We can’t be certain if the boy (below) is praying for the sick and hungry or for a Nintendo 3DS with Super Smash Bros.
We rented a two bedroom “cabin”, just outside of town, for $30/day. It was a doll house. We were five minutes from town and two minutes from the biggest playground we had ever seen.
This barber opened THIS shop 60 years ago. He said there were 2 cars in the entire town.
In the 1920’s, the entire town flooded. You can still see the water line on some of the wooden doors.
On our last day we drove to San Juan Chamula. San Juan is a completely indigenous community that has survived on its own for centuries. The natives still farm and raise sheep as their ancestors did. We had heard that it was disrespectful to photograph them, as they believe that it steals their souls. Matt approached a group of women sewing some crafts in front of their stick hut and politely asked if he could snap a quick pic. They told him he could…for 300 pesos. Matt being the negotiator that he is, was able to get them down to 100 pesos, but $7 was more than we could afford for one photo. So I do not have a photo for this caption. Sorry. Apparently, their souls are for sale for a hefty $1.75/each.
Huatulco – Mexico Tourism Refined.
April 2, 2016
Upon arrival at Marina Chahue in Huatulco, we were greeted by some agro-lookin policemen. I looked at Court and wondered what we did (she did) to garner such a welcoming committee. It turns out they were simply there to catch our dock lines and give us a copy of the Marina rules…all in Spanish. Marina Chahue is another product of FONATUR, Mexico’s governmental tourist department. More interesting, the entire area was developed by FONATUR. This agency’s philosophy is to build it and they will come. Sometimes they don’t. But here, they came.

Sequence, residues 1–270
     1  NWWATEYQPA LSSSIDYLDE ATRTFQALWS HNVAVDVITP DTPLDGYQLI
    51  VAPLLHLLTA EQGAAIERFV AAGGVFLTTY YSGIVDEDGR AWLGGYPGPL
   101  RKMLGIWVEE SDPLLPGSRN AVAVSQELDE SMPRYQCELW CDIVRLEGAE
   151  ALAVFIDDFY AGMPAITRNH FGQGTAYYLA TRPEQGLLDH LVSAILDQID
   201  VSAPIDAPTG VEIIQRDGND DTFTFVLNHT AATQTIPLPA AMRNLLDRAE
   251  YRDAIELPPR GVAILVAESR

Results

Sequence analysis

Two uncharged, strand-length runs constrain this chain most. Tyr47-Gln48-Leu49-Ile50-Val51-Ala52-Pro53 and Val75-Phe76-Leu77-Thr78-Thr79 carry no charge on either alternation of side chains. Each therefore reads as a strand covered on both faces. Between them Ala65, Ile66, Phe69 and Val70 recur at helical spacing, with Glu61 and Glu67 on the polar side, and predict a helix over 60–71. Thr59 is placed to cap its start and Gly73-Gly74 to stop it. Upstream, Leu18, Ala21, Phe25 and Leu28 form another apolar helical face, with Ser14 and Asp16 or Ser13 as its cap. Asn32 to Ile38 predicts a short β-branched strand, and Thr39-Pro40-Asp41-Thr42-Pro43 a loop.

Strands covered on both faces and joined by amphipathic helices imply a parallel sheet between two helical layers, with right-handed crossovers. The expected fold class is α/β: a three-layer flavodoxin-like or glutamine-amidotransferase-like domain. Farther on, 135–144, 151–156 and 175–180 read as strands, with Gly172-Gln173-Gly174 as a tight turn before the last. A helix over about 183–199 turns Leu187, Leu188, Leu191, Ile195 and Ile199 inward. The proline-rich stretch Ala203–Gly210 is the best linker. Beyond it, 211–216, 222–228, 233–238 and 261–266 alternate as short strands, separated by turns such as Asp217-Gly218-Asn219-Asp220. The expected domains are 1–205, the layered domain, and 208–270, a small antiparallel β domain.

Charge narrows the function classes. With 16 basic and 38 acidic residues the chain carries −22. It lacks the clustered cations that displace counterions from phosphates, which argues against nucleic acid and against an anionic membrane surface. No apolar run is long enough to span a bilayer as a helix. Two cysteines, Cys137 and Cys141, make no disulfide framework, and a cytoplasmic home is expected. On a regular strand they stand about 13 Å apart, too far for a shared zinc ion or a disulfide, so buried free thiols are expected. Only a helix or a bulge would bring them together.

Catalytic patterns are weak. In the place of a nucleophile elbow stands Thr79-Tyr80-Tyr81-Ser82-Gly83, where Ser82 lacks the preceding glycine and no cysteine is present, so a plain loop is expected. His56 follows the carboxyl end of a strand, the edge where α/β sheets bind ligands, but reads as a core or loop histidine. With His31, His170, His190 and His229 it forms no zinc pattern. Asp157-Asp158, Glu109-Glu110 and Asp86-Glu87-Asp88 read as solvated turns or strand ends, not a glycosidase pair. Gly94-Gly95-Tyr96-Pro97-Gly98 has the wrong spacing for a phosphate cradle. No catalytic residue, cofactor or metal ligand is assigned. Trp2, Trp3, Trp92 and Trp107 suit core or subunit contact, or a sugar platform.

Marina Chahue is the place most cruisers use to begin the waiting game to cross the dreaded Tehuantepec Bay. This is a body of water that is not to be taken lightly. Every three days or so, a gap wind is accelerated from the Gulf of Mexico and blows stink out into the Pacific side. Large wind waves in excess of 20 feet are not uncommon with winds exceeding 40 knots. The challenge is that you need a solid 2-3 day weather window to get across before the cycle repeats itself.
The entire area surrounding the marina is really in its’ infancy of growth and development, maybe 7-10 years max. Most notable is the absolute lack of trash, garbage, litter. It is an amazingly clean place with beautifully landscaped areas, complete with flowing water fountains. They also planned that vacationers would be walking around quite a bit and thus built amazing walking paths.
I got into a routine of running in the morning while the weather was still reasonably cool. We did an epic tour up to some waterfalls where the kids had a blast on the rope swing. We also enjoyed a few nice meals out in the little town of La Crucecita.
Towards the end of our stay, we hired the services of a bottom cleaner to dive on our boat and clean up the marine growth that was starting to accumulate. Joel is a great resource for just about any of your boating needs. One thing to know, the harbor master does not allow bottom cleaning in the marina so you have to day-trip, with Joel, over to Bahia Santa Cruz to get the work done. We had no issues with the fuel dock either (at the Marina), even though it is ginormous and could handle a small cruise ship. Just be sure to let the Harbor Master now you are wanting to fuel up so he can make sure the guys are there. It was also the cheapest diesel we have paid for since we began cruising in 2014 at $2.45 gallon.
Our T-pecker weather window finally arrived and we slipped the dock lines around noon for our continued journey south!